Level 5: The Quantitative VOC-ers. The problem with just qualitative VOC is that people hear what they want to hear. Companies that move beyond it to Level 5 get far more objective customer input. Yes, quantitative feedback drives out assumptions, bias, and wishful thinking.

Level 6: The B2B VOC-ers. Companies at this level really, truly get it. They know that unlike end-consumers, B2B customers are knowledgeable, rational, and interested. B2B-optimized interview methodology fully engages them to take advantage of this reality.

Why Customers Matter: Three Reasons to Put Them Front and Center in Your Innovation Process
If you and your company are astute and savvy enough to achieve and truly operate at Level 6, here are three powerful and ongoing rewards:

1. Customers Have the Insight You Need.  A successful company innovates for its customers, not itself. That's because nobody inside your company can pay for innovation: Only your customers can do that. So the more closely you engage those who pay? the more you learn what they'll pay for.

2. Asking Customers Boosts Your R&D Efficiency. Innovation is often misunderstood as the process of coming up with the right answers, when it is usually about asking the right questions. If the bright people in your company are focused on real customer needs, they'll run circles around the bright people at competitors who are wasting time on the wrong questions.

3. You Can Pre-Sell Them. I believe the Booz Allen conclusions are especially potent for the B2B supplier serving a concentrated market. If you interview the 10 largest prospects in your target market correctly, you'll engage them so they'll be primed to buy when you launch that new product.

Start NOW.
Not happy with your level? Don't fret. You can move up the ladder and start directly engaging your customers — and you can do it more quickly and easily than you ever thought possible.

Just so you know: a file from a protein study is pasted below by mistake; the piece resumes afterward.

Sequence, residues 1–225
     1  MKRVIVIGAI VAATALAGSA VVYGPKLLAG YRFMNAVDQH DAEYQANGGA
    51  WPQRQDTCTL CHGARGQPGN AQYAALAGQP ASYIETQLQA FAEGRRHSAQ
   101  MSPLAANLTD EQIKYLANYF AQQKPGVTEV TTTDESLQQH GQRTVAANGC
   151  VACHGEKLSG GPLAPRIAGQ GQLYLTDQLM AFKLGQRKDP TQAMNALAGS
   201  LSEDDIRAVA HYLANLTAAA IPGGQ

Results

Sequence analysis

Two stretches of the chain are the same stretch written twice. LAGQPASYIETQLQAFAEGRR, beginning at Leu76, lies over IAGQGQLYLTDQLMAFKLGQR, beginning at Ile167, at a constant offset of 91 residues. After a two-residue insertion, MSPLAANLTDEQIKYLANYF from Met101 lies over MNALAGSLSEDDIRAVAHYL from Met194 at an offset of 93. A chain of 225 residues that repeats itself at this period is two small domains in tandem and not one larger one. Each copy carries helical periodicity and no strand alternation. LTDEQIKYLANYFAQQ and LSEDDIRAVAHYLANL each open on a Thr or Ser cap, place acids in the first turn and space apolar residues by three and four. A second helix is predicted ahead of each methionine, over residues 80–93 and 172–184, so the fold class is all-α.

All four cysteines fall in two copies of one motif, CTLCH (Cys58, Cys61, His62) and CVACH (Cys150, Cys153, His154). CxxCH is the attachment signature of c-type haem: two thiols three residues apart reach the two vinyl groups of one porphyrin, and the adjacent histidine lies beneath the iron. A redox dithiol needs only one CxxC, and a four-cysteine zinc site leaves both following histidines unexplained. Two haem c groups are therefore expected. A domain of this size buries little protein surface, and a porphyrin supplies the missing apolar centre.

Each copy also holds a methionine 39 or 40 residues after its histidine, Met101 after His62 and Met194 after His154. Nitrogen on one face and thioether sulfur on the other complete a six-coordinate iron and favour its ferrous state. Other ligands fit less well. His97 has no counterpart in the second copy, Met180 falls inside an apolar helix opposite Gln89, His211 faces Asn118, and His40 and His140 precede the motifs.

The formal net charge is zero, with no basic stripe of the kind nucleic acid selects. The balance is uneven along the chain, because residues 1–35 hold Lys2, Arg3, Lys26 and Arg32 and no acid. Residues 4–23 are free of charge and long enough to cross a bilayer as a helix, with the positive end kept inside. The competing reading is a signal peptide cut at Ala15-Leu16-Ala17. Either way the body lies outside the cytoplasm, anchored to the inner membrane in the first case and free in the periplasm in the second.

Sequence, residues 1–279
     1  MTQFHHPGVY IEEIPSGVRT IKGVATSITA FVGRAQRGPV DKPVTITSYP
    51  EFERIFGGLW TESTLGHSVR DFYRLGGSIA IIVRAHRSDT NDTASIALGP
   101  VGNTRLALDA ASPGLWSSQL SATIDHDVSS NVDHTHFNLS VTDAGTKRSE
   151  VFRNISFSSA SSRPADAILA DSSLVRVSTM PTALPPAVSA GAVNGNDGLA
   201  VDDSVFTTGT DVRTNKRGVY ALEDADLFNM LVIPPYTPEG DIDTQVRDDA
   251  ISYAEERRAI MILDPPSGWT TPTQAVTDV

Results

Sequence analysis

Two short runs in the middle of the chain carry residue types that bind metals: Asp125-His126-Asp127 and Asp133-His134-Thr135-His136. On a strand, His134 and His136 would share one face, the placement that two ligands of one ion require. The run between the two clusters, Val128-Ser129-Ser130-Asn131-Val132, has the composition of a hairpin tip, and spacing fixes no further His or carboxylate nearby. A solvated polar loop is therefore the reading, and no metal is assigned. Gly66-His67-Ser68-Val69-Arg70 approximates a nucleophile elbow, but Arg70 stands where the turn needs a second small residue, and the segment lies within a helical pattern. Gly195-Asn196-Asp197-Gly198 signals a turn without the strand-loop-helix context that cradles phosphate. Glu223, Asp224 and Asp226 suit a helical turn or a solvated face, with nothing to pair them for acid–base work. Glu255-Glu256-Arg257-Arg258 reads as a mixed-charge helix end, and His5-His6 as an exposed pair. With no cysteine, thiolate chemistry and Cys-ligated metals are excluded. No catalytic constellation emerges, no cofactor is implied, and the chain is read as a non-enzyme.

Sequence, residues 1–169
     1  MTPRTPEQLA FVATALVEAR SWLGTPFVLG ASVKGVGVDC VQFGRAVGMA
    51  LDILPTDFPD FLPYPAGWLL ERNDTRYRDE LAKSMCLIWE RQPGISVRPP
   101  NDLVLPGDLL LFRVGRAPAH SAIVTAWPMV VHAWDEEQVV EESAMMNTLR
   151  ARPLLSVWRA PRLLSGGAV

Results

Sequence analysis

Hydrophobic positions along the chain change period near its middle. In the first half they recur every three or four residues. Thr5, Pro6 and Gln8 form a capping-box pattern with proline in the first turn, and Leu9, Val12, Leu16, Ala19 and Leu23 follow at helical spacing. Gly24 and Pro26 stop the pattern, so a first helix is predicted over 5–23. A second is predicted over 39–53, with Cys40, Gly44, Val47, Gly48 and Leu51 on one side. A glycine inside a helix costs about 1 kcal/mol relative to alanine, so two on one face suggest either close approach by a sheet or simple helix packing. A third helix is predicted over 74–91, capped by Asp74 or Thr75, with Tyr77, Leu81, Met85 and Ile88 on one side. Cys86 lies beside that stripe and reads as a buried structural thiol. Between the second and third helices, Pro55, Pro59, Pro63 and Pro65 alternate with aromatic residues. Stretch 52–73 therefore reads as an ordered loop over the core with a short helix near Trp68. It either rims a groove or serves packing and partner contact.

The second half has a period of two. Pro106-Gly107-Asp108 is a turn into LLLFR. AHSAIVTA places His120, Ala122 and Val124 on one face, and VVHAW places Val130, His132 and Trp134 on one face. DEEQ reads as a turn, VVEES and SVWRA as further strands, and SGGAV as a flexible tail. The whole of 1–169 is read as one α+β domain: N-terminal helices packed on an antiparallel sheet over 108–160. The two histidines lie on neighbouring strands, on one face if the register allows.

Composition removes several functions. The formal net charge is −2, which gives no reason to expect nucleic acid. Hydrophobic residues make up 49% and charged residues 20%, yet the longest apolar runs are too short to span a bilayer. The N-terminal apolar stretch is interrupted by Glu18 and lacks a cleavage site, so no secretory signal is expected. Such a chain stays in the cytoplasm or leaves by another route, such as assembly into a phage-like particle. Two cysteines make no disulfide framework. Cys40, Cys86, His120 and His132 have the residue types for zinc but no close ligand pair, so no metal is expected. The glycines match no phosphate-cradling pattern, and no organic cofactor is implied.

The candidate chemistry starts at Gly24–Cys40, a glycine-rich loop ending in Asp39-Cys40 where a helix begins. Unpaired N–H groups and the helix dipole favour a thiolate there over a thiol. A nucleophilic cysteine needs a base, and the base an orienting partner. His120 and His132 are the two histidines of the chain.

I've seen businesses leap from Level 1 to Level 6 in the space of a year. All it takes is solid training and committed leadership. There really is a formula for getting inside your customers' heads, asking the right questions in the right way, and shoring up your relationship with them in the process. Once you understand the very real, very profitable benefits of changing the way you innovate, nothing will hold you back.

Dan Adams, president of Advanced Industrial Marketing, Inc., is passionate about B2B new product development. In over 30 years working within and with major B2B corporations, he has explored every aspect of product development, building New Product Blueprinting from the ground up. He is a chemical engineer and holder of many patents and innovation awards, including a listing in the National Inventors Hall of Fame. Adams was head of strategic planning for a billion-dollar company and has extensive experience in Fortune 500 marketing, business development, and leadership positions. He is an award-winning speaker and conducts workshops in every region of the world. His 2008 hardcover book, "New Product Blueprinting: The Handbook for B2B Organic Growth" clarifies the "fuzzy front end" of innovation, and his 2009 e-book, "12 New Rules of B2B Product Launch" (free download at
http://www.b2bproductlaunch.com/e-book), boosts launch success.

Contact: Advanced Industrial Marketing, Inc., 2206 20th Street, Cuyahoga Falls, OH 44223 330-715-8709 fax: 216-373-2026 E-mail: information@newproductblueprinting.com Web: http://www.newproductblueprinting.